There is a misconception that Fiat now owns Chrysler. That is not entirely true. Fiat bought a 20% stake in Chrysler with the option to own as much as 49%. Sergio Marchionne, Fiat's chief executive does not seem intent on assimilating Chrysler like Daimler did, leaving it an empty shell that churned out unreliable products made from obsolete Mercedes parts. Instead, Marchionne seems to want to use Chrysler as a channel to return Fiat to the US market. For years Fiat has teased us with rumors of a return to our shores. But except for the unattainable, $265,000 Alfa Romeo 8c, and high end exotics from Ferrari and Maserati, all of which fall under the corporate umbrella, Fiat been as successful cracking the US market as a reality-show contestant at finding true love.
All that may change. If Fiat is able to use Chrysler's scaled down dealer network to introduce the Fiat 500, Punto, and Bravo pictured above, they would find a receptive market. Certainly they could do no worse than Chrysler's current lineup of duds. Fiat could slap Dodge Ram badges on the Bravo, fit it with a crosshair grille, and as long as they didn't call it the Avenger, it would be a hit.
The Panda, which includes a 4x4 version, would make a far better small Jeep than the Compass. Marchionne has expressed a desire to better position the Jeep brand in the global market. Jeeps have a solid image in many parts of the world. If they were able to take the beaches at Normandy, a frontal assault on markets in Asia and South America could prove winnable as well. With the world looking at America more favorably these days, a global branding strategy could relaunch Jeep in the same spectacular fashion Iron Man revived the career of Robert Downey Jr.
More importantly, Fiat seems intent on not just utilizing Chrysler's dealer network, but their factories as well. That means more jobs in the US. Even the most ardent red-stater, who drives a pickup truck complete with a gun-rack and U.A.W. bumper sticker, has to give that idea a thumbs up. Speaking of trucks, if the distribution pipeline goes both ways, I'm sure more than a few Italians would buy the Dodge Ram SRT-10. In a country rife with exotic cars, there would be something uniquely absurd about owning a truck that can haul a half ton payload and haul ass like a Lamborghini.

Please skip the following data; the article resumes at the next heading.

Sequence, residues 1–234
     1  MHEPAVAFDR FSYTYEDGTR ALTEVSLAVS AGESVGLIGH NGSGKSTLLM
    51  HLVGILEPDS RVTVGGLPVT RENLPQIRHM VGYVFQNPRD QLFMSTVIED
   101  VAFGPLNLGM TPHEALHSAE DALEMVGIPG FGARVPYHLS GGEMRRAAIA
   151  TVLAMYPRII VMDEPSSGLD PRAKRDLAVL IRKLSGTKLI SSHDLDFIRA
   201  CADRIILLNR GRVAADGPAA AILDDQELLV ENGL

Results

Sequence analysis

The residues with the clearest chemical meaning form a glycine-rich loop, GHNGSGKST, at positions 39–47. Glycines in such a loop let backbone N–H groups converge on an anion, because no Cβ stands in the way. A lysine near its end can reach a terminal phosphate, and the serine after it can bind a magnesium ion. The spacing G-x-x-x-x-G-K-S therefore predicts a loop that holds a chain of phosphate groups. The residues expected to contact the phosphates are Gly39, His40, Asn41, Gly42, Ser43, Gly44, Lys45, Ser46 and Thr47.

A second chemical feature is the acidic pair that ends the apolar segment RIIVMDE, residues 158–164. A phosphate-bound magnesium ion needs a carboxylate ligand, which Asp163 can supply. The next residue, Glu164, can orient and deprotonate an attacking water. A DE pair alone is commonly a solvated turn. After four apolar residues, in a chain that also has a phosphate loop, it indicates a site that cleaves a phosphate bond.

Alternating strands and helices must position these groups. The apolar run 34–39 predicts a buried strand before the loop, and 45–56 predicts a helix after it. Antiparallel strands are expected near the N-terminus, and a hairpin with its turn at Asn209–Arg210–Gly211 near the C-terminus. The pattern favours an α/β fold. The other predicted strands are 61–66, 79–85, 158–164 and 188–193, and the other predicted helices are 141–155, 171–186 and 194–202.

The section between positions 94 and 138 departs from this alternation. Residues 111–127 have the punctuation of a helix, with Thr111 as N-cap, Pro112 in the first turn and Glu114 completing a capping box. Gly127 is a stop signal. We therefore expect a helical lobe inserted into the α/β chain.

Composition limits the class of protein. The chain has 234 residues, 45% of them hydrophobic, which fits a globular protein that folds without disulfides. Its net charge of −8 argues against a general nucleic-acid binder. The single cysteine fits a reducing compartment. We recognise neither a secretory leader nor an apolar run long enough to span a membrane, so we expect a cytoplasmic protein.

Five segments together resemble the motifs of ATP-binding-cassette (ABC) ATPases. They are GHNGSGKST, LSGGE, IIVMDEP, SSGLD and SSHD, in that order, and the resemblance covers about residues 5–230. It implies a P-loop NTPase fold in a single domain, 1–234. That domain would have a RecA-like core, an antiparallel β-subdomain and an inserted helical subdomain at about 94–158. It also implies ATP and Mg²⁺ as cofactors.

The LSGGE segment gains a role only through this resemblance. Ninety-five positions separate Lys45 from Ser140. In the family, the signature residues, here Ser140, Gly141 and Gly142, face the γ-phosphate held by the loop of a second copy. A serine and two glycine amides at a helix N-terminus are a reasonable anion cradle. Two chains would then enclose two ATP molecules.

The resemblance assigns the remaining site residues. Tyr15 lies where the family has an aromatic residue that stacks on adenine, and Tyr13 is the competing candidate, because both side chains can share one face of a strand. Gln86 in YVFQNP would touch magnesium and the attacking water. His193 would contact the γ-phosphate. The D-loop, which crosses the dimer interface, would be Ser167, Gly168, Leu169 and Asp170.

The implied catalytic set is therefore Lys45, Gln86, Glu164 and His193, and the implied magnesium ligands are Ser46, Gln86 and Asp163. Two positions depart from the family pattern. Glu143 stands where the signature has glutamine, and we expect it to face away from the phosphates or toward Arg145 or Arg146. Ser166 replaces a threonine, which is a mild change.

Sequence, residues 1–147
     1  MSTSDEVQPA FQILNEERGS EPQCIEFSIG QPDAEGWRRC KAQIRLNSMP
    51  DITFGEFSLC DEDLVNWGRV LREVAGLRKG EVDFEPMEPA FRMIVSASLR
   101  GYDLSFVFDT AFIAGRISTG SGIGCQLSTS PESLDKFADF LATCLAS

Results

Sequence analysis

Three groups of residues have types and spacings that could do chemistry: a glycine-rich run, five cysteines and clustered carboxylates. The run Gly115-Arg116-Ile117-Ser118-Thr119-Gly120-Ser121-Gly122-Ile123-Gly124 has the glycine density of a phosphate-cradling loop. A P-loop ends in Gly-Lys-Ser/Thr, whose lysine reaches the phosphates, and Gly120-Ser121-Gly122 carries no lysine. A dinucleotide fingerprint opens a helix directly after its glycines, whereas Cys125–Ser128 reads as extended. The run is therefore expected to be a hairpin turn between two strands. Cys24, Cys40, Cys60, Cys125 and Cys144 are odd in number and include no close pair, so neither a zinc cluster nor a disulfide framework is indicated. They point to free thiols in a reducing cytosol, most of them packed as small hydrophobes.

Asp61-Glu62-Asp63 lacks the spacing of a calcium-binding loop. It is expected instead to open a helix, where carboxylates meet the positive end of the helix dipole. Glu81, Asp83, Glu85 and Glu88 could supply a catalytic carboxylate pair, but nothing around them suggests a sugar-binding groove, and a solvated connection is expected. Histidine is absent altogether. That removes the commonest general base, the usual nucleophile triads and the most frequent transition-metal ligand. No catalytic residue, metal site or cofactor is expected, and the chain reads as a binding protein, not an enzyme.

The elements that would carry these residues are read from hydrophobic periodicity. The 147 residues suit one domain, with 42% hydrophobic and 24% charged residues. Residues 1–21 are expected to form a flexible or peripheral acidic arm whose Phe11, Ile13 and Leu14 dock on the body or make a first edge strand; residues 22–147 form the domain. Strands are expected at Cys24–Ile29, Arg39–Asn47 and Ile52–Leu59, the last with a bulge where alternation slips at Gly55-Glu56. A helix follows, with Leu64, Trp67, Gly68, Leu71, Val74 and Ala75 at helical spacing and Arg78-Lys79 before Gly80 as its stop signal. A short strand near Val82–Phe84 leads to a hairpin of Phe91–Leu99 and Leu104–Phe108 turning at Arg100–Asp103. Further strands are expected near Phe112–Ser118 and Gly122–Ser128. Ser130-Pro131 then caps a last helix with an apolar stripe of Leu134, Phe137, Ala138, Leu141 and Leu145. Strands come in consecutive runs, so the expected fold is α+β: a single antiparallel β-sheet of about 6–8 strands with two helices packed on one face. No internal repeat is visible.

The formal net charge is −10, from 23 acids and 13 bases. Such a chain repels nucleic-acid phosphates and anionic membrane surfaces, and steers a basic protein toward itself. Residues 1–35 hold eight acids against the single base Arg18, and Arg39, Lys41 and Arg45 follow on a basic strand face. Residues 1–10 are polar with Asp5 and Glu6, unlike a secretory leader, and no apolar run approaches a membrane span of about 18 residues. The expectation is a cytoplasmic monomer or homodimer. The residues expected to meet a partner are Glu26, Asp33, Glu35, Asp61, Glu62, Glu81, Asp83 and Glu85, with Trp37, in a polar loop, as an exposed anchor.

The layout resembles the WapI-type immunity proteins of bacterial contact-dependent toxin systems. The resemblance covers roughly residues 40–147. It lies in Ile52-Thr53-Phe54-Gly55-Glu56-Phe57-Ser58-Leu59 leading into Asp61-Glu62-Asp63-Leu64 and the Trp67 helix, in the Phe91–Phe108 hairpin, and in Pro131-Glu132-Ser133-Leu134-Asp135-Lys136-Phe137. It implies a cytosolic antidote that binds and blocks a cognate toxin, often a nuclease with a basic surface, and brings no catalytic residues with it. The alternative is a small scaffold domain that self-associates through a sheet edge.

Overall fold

If it seems like I'm rooting for the Fiat-Chrysler merger, I am. My family has owned a number of Chryslers. My grandfather owned nothing but Plymouth Furies and big Dodges the last twenty-five years of his life. My parents drove a Valiant on their honeymoon and owned a Dodge Demon of all things. I drove a Dodge Coronet in high school and owned a LeBaron convertible. Most of these cars were a bit rough around the edges but were generally honest, reliable vehicles. In the last few years, I've driven the Chrysler 300 and the Dodge Caliber. The 300 was one of the few cars that is comfortable, a joy to drive, turns heads, and can haul a weeks worth of luggage for a family of four. The Caliber with its silly name, was well thought out but poorly executed. It just wasn't of the same... err... caliber as the other small cars in it's class.
The idea of Fiat bailing out Chrysler isn't as preposterous as it first seems. This isn't your Uncle Tony's Fiat from twenty-five years ago. Marchionne, who has a dual Canadian-Italian citizenship, knows something about turning around companies. In 2005 he took over a hemorrhaging Fiat and won a nice divorce settlement from GM. In short order he made the company profitable with a top-down overhaul and introduced new products people wanted to buy. In a sense, it's history repeating itself. Thirty years ago another Italian took over Chrysler. He too quickly made the company profitable with a top-down overhaul and introduced new products people wanted to buy. Only then, the chairman was an Italian-American named Lee Iaccoca.